From 2000 to 2018 Dominica has been led by one party, the Dominica Labour Party (DLP) and the current Prime Minister, Roosevelt Skerrit, has been in power for fourteen years.
During that period islands of the Caribbean (Antigua, Trinidad, Jamaica etc.) have had many changes in political leadership. For example: from 1979 to 2000 St. Lucia has changed from John Compton (UWP) to Allan Louisy (SLP); to Winston Cenac (SLP); to Michael Pilgrim (PLP); back to John Compton (UWP); to Vaughn Lewis (UWP); to Kenny Anthony (SLP); back to John Compton (UWP); to Stephenson King (UWP); back to Kenny Anthony (SLP); and then to the current political leader Allen Chastanet (UWP).
St. Lucians do know something about change that has eluded Dominicans for the last two decades.
But apart from politics in other arears of development change has also avoided Dominicans. Take agriculture for example. For decades we have known that to build resilience and to ensure greater food security we need to develop a comprehensive plan for the revival of the sector. Clearly, officials of the Ministry of Agriculture appear to be tinkering with various aspects of agriculture with varying levels of success but most observers are convinced that this "toopatou" approach to agricultural planning will not work as the country grapples with the effects of climate change.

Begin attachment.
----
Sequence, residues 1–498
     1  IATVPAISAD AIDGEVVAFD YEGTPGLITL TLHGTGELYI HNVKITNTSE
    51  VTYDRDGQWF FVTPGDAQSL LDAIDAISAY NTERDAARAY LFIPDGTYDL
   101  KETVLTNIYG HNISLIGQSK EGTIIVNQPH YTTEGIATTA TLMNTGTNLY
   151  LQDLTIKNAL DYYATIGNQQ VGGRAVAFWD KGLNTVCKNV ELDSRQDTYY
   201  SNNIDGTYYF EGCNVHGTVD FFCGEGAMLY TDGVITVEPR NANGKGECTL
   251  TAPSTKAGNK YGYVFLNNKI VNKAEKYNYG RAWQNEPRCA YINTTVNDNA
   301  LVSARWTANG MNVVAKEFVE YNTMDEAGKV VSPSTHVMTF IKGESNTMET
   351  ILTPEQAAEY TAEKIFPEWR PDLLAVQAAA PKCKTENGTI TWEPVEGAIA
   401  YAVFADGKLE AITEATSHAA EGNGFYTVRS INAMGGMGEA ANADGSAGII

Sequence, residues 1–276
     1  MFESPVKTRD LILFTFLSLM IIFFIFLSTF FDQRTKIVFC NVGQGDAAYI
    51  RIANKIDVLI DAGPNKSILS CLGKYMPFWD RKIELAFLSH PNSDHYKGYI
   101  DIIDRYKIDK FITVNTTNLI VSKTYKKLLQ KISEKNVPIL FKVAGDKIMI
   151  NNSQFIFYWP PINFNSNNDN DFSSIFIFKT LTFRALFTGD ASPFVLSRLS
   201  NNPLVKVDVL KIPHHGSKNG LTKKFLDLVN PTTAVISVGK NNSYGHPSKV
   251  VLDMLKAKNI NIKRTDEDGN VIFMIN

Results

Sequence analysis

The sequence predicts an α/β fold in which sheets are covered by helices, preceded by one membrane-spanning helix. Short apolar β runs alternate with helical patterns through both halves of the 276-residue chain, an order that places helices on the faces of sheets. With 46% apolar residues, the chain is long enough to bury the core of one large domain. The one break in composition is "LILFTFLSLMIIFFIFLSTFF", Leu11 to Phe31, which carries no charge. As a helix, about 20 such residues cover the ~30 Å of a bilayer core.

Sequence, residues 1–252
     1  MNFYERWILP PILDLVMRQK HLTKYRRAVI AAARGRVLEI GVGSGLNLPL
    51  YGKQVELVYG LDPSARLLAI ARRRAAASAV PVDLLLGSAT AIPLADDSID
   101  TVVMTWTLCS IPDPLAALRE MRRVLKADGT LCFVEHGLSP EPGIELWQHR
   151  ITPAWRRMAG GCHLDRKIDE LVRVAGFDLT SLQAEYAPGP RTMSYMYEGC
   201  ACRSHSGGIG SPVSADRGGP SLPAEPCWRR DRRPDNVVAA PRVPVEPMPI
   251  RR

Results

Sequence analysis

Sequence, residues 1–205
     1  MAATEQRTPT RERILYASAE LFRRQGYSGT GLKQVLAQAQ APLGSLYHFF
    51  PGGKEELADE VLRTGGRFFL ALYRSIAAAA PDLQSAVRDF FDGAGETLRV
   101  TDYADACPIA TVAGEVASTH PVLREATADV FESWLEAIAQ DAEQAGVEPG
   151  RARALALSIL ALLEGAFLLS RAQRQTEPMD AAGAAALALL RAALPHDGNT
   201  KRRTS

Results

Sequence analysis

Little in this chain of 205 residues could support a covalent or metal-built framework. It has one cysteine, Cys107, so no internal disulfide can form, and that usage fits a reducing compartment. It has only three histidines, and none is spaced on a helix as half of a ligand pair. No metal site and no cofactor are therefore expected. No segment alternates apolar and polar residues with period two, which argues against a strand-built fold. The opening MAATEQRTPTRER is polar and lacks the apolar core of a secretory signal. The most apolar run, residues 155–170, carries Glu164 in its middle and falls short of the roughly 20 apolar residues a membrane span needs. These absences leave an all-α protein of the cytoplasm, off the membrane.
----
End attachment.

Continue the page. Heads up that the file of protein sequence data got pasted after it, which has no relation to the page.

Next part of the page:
The Sun Newspaper has reiterated, especially during the current national economic crisis, that there will be little sustainable growth in Dominica's economy unless we improve production and productivity in agriculture. But in other aspects of the economy (tourism, manufacturing, foreign direct investment) there's been practically no change.
As the Roosevelt Skerrit administration enters the latter part of it fourth five-year term, Dominica needs to make some drastic changes to pull the island out of the bottom of the precipice of social and economic underdevelopment into which it has plunged. And here we suggest that in the post-Maria period we need to adopt a national fixation on repairing the economy.
But before that change occurs, the Skerrit administration must first admit that the economy is in dire straits, made much worst by Tropical Storm Erika in 2015 and now Hurricane Maria in 2017. The planners of our economy must determine and agree that this is a country where at least 20 per cent of the population doesn't have a job, and of those who do, three-quarters can be described as "working poor".
They must also admit that this is a place where more than half of the nation's children and youth are "trapped" in poverty; where many are forced to realign the boundaries of hope, dreams, aspirations and need.
They must also admit that this is a nation where jobs are hard to come by, where business is stagnating, where the "Red Clinic" stands as a monument to the dire economic conditions.
In other words they must admit that this is a country where the economy was in shambles before Maria and more so now. And then resolve to fix it. Let's change the change.